Make us your home page

Today’s top headlines delivered to you daily.

(View our Privacy Policy)

Snipes gets 3 years in prison in tax case

OCALA — Actor Wesley Snipes received a maximum three-year federal prison sentence Thursday after being convicted on three misdemeanor charges of failing to file his tax returns.

The Blade trilogy star sat motionless in court as he listened to the judge, while his wife, Nakyung "Nikki" Park, whimpered loudly then began to cry.

Defense attorneys objected to Senior U.S. District Judge William Terrell Hodges' ruling and plan to appeal the sentence, which included a year of probation after the prison term.

The judge waived a fine against Snipes, although prosecutors had requested one. Snipes' attorneys said he must still pay millions of dollars in back taxes, interest and penalties.

Snipes, 45, has already started clearing his debt. He gave $5-million in checks to an Internal Revenue Service agent Thursday, who characterized the transaction as a "down payment" and only a "fraction" of what Snipes may owe. The government estimates his total debt could exceed $20-million.

Snipes remains free until the Bureau of Prisons designates a facility where he will serve his time. He has asked that it be near his New Jersey home.

The actor and his defense team left the federal courthouse in Ocala without speaking to fans or answering reporters' questions, which had become their custom during trial.

Inside the courtroom, Snipes spoke on his own behalf, asking for leniency.

"Let me begin by saying I am very sorry for my mistakes and errors," Snipes said. He called himself an idealist, a passionate truth seeker and someone who is sometimes naive.

"Even though I accept the jury's verdict, I never imagined my life would be imitating roles I played on the screen," he said.

A prosecutor pointed out that not once did Snipes acknowledge he had committed a crime or say the word "taxes."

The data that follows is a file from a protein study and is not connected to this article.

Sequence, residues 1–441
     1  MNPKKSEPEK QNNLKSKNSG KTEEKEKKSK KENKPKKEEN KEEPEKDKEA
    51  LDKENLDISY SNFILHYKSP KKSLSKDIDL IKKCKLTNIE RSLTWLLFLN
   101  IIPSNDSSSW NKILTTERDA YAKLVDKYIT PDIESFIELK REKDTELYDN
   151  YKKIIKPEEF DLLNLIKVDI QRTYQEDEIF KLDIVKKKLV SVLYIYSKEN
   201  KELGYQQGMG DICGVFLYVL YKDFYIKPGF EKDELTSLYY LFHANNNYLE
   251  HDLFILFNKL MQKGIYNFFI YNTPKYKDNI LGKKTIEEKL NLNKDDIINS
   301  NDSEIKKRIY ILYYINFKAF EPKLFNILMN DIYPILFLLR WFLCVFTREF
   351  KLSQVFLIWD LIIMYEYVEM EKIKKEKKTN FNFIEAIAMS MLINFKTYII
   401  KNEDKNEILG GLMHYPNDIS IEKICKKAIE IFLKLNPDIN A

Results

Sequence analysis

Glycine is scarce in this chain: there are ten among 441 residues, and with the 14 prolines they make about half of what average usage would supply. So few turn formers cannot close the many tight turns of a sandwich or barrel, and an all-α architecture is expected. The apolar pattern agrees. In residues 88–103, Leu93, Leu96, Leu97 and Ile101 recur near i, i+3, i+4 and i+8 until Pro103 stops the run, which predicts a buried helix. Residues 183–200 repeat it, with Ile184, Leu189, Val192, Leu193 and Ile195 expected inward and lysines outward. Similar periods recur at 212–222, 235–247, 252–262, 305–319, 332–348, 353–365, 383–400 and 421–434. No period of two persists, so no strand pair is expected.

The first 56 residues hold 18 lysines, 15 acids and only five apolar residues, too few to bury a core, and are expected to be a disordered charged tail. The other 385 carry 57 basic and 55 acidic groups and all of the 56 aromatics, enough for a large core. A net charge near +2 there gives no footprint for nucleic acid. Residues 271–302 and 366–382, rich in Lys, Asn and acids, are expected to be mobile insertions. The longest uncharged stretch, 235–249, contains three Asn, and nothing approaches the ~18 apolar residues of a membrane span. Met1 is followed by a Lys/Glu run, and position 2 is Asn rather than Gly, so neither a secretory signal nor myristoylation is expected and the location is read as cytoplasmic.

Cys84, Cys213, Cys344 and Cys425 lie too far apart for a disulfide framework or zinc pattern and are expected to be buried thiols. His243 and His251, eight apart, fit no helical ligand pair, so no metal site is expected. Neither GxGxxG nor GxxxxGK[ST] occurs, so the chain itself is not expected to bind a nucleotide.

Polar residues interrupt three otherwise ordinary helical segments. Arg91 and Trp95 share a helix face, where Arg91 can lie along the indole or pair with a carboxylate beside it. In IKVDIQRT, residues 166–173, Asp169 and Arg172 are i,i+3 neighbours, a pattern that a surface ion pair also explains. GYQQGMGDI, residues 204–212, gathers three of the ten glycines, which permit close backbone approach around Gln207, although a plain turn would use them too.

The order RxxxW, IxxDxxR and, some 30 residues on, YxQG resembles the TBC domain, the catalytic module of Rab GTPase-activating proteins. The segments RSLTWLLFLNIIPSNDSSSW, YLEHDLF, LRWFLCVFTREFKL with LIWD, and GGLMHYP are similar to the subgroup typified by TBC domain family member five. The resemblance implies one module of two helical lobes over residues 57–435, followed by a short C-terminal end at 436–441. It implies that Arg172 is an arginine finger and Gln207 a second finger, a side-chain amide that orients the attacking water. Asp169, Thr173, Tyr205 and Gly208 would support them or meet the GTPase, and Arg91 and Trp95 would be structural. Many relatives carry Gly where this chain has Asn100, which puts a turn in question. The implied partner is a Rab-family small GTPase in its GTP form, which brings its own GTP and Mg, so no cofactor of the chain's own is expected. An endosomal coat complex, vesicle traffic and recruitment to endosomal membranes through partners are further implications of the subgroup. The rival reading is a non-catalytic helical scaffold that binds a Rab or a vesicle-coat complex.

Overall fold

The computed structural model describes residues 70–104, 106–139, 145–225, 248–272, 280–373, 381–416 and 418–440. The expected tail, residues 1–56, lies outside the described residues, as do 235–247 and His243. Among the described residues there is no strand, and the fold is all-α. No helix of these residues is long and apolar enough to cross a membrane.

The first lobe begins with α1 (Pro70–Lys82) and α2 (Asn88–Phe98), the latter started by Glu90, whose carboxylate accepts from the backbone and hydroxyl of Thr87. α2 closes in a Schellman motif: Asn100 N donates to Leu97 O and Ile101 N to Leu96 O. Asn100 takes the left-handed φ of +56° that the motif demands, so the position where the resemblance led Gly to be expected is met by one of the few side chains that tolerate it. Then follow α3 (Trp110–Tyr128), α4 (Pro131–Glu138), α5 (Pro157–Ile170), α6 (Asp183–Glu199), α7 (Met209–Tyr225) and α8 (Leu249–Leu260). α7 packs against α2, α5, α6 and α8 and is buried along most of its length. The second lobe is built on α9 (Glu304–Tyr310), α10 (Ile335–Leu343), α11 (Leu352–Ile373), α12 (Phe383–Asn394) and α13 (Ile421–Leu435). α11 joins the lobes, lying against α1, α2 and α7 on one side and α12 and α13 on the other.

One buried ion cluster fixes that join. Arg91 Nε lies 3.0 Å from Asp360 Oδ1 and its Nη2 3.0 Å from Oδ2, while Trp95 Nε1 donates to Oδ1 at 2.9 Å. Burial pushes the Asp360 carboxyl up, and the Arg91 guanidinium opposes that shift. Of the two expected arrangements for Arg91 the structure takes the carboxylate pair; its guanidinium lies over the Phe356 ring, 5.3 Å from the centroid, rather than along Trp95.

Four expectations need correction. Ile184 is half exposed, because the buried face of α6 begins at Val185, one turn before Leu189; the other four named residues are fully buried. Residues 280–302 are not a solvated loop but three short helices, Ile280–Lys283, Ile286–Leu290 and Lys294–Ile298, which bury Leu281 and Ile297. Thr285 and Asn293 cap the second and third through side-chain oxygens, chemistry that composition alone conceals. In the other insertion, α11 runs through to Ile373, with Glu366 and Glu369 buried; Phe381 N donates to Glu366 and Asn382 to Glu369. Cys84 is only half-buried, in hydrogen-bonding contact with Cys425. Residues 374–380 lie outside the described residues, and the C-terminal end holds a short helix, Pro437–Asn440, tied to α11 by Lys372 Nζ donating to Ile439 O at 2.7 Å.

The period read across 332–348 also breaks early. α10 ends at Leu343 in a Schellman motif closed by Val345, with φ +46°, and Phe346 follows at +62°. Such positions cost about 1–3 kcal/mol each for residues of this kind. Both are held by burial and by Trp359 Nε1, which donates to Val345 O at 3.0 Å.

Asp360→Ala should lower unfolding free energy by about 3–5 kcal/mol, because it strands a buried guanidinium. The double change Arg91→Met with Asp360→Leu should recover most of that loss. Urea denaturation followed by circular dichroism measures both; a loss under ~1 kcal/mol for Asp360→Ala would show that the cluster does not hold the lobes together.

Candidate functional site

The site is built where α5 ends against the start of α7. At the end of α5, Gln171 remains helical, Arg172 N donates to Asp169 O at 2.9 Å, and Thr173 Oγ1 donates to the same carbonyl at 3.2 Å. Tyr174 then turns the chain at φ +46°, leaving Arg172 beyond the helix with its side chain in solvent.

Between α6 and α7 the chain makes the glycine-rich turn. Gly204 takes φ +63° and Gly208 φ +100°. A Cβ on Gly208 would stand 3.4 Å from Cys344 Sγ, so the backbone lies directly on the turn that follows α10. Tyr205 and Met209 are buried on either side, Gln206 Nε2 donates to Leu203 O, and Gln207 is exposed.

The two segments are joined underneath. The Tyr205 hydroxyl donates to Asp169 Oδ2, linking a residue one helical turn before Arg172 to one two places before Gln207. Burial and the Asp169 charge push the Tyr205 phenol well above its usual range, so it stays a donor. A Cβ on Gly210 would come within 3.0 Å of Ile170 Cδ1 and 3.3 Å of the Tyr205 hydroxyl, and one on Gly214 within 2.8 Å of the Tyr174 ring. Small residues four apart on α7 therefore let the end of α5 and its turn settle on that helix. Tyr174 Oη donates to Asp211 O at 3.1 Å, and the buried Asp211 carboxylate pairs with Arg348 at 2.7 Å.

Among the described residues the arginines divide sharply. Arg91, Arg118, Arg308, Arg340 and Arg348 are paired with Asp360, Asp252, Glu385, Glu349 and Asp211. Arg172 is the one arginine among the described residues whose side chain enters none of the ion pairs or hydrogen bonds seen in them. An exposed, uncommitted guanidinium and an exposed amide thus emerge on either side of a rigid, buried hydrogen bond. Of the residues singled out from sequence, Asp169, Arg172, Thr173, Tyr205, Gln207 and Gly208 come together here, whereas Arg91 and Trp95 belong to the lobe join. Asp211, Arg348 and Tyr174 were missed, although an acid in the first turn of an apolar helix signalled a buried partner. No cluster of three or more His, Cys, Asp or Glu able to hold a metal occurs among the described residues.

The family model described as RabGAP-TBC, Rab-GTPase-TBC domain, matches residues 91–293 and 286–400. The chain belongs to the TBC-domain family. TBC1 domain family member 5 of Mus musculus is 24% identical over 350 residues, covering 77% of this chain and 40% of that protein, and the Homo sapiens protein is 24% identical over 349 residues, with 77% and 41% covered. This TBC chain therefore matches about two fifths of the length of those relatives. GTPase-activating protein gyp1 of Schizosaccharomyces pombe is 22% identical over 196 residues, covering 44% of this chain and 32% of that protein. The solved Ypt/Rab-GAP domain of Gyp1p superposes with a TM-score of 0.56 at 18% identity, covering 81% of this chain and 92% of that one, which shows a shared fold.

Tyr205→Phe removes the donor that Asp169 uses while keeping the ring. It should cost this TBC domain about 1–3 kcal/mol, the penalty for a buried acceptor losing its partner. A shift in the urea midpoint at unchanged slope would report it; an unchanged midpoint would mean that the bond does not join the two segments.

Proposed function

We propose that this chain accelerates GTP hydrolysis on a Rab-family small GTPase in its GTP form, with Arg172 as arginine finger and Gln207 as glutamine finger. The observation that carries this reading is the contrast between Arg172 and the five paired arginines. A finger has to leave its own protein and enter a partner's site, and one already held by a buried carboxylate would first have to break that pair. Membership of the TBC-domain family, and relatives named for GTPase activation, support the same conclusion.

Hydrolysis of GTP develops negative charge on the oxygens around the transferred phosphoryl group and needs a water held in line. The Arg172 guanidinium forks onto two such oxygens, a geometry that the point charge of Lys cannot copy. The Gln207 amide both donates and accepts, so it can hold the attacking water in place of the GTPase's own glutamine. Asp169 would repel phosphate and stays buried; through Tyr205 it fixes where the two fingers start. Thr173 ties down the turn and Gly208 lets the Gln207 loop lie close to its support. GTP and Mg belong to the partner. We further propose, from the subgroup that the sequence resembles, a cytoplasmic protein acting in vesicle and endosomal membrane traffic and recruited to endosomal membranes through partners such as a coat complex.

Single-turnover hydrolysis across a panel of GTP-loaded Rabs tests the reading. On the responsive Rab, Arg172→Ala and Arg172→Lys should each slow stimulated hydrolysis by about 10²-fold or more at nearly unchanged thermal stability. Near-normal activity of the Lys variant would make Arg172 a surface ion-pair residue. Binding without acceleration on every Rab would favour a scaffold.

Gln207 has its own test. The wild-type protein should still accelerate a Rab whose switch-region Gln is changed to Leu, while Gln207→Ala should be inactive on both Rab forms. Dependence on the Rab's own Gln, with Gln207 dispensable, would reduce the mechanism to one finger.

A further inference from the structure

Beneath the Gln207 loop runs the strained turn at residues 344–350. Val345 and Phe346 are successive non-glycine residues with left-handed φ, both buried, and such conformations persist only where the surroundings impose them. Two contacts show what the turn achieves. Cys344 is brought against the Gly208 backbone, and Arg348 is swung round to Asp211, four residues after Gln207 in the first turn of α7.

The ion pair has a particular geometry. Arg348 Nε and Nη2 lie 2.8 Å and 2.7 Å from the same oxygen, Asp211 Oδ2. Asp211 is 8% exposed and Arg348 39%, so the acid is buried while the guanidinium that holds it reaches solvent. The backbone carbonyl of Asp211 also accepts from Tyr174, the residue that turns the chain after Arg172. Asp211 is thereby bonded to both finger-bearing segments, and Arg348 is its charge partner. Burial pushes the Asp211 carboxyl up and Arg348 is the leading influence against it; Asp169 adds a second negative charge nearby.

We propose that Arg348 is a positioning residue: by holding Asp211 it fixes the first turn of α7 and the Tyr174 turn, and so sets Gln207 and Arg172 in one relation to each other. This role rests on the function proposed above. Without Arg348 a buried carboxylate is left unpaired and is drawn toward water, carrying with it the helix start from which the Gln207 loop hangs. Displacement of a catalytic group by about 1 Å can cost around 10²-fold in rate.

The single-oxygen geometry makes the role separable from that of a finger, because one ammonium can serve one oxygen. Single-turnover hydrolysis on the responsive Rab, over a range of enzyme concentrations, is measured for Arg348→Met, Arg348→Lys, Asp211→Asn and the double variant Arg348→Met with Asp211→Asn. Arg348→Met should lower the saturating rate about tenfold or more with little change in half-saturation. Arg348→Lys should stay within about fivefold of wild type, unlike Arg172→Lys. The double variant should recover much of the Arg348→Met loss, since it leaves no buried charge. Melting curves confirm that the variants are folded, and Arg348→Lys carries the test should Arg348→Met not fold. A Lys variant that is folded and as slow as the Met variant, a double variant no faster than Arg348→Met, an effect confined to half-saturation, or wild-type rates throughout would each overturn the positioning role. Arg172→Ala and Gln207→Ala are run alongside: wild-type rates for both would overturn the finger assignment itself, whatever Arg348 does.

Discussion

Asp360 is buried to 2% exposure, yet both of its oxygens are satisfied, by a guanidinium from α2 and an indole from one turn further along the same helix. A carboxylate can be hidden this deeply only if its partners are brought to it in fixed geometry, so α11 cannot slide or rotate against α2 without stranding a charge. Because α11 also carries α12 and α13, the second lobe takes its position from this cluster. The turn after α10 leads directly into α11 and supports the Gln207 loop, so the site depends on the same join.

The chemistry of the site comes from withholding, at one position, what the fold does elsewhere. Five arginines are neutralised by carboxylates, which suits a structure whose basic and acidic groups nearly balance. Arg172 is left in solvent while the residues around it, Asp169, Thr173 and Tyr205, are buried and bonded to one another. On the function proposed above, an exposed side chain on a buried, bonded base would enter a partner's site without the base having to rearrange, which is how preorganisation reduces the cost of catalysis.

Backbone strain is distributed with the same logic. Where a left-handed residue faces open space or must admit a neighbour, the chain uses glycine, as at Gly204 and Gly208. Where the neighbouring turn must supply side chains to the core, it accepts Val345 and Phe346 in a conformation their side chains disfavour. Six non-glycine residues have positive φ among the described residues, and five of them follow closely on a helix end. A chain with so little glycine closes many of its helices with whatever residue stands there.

"Which is a little troublesome," the federal judge noted.

Testifying to Snipes' good character, syndicated TV star Judge Joe Brown asked that the actor serve no prison time.

Brown said he met Snipes eight years ago. He described him as sometimes too trusting and "gullible." As a mentor to Snipes, Brown said, he has warned him that his celebrity makes his vulnerable to opportunists.

Brown also sent a detailed letter to the federal judge describing how Snipes had given back to inner-city youth and served as a role model.

Also sentenced Thursday were two co-defendants who stood trial with Snipes.

Eddie Ray Kahn, a Lake County resident whom Snipes hired as a tax consultant, received a maximum 10-year prison sentence for two felony convictions of conspiracy and filing a false claim with the Internal Revenue Service.

And Douglas P. Rosile, an unlicensed accountant from Venice, received a 4 1/2-year prison sentence for convictions on the same charges as Kahn.

Rosile prepared an amended tax return for Snipes that prosecutors used as evidence.

When the jury returned its verdict Feb. 1, it acquitted Snipes on the felony charges. It also found him not guilty on three other counts of failure to file his tax returns.

The U.S. Attorney's Office in Tampa revealed an indictment against Snipes in October 2006. Prosecutors accused him of conspiring with Kahn and Rosile to defraud the IRS of about $11.4-million in refunds Snipes sought on taxes he paid in 1996 and 1997.